The recently-passed Neighbourhood Planning Bill could require councils to have an adopted local plan. During the course of its progress through Parliament, Gavin Barwell said that the Government expects “authorities to have plans in place by early next year”. Anyone who is listening to this debate can be clear that there is a clear deadline to get this work done”. Given the sensitivities of Conservative MPs about housebuilding, and the Government’s thin majority in the Commons, a major revolt might have been expected over the proposal. But Barwell and Sajid Javid got it through without one.
Which is evidence that Javid, who unlike his predecessors since 2010 came to the Communities department without previous experience of local government, none the less grasps the sensitivies. Theresa May should bear this in mind when mulling his plans for housing. He clearly believes that her aim of building more homes cannot be realised without finding more land for them to be built on – a conclusion which should be entirely unsurprising.
As she herself put it in the major launch speech of her leadership election, “we need to do far more to get more houses built. Because unless we deal with the housing deficit, we will see house prices keep on rising. Young people will find it even harder to afford their own home. The divide between those who inherit wealth and those who don’t will become more pronounced. And more and more of the country’s money will go into expensive housing instead of more productive investments that generate more economic growth”. It could not have been clearer.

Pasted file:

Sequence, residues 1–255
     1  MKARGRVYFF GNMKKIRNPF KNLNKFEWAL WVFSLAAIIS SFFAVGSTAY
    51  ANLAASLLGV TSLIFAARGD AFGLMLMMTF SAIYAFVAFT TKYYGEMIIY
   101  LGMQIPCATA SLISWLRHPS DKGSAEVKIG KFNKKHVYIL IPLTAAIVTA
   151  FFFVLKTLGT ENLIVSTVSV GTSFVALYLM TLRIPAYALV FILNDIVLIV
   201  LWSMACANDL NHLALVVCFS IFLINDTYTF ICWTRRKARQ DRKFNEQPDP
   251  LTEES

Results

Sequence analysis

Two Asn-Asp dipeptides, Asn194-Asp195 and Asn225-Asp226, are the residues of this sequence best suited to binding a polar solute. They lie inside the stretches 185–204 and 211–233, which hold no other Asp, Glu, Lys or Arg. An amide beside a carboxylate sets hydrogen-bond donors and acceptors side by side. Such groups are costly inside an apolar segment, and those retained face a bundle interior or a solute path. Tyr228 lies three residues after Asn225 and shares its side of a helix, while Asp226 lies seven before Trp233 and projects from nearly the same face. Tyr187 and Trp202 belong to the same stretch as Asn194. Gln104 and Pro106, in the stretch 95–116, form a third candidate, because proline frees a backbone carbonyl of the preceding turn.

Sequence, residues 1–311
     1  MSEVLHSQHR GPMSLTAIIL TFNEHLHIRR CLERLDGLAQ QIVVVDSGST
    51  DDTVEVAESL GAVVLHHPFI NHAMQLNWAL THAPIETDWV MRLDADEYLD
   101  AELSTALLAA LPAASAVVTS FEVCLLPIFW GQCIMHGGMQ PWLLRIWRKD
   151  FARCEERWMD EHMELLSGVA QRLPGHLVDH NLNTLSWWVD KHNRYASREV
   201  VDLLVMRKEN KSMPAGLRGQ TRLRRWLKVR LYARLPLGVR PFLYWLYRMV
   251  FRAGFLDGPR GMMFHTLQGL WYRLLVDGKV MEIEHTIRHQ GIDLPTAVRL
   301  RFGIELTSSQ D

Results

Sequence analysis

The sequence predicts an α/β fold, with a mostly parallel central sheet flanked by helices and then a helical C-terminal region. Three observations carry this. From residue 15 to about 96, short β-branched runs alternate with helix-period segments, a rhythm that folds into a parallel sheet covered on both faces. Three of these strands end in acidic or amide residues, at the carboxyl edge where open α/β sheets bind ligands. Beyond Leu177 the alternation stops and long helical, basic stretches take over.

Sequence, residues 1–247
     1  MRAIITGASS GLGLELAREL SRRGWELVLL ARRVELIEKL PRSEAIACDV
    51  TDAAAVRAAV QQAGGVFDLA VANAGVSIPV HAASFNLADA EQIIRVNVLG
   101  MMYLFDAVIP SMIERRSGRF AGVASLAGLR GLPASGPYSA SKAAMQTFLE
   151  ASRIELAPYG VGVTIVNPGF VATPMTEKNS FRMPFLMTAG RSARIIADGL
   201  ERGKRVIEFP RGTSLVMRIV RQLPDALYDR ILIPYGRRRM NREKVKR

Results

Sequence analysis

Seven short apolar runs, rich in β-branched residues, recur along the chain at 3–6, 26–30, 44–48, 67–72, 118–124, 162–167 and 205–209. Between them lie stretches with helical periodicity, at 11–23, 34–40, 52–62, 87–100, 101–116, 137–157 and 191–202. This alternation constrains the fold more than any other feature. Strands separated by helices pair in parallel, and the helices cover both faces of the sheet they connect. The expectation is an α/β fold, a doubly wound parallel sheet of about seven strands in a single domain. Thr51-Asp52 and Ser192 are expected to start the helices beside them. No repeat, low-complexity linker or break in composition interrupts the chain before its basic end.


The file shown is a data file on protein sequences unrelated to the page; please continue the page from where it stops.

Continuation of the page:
There are claims that May, having first set her aim out and then appointed Javid to implement it, now has cold feet. It is inevitable that the practicalities of getting the Goverment’s business through Parliament will be a Downing Street preoccupation. But the Communities Secretary’s plans will come in the form of a White Paper, precisely for this reason. And many of the adjustments he wants won’t need primary legislation.
We await the detail. But the political choice for the Prime Minister is straightforward. That her government proceeds more deliberately than David Cameron’s did is a good thing – not only because there is less risk of backbench revolt, but because one is likely to get better legislation. The glory of White Papers is that they can be prodded and tweaked. But there is none the less a bottom line. She was surely serious about getting more homes built. Since this is so, it follows that she must back the man she appointed to do the job that she asked him to do.